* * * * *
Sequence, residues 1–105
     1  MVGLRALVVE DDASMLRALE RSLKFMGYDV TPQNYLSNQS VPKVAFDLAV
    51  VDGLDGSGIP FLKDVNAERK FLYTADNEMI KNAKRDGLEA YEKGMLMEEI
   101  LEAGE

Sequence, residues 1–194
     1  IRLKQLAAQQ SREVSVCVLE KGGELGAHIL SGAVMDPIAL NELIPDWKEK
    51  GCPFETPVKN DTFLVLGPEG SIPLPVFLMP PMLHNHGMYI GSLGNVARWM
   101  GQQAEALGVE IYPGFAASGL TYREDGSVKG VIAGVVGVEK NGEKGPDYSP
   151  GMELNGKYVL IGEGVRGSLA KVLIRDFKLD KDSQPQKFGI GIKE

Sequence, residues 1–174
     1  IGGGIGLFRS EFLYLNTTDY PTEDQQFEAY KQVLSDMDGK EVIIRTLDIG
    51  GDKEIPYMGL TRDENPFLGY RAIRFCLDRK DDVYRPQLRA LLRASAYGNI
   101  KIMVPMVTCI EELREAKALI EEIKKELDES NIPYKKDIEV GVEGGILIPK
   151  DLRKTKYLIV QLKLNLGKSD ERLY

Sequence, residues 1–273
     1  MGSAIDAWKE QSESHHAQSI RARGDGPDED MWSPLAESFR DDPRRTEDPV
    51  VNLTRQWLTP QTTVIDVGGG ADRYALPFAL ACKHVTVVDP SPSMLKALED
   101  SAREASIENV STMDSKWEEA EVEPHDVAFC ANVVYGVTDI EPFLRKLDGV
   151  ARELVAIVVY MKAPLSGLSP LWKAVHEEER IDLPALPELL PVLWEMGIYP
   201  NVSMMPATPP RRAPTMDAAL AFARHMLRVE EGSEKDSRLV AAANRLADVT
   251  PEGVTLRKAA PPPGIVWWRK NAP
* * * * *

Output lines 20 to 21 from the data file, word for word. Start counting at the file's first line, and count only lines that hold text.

   201  NVSMMPATPP RRAPTMDAAL AFARHMLRVE EGSEKDSRLV AAANRLADVT
   251  PEGVTLRKAA PPPGIVWWRK NAP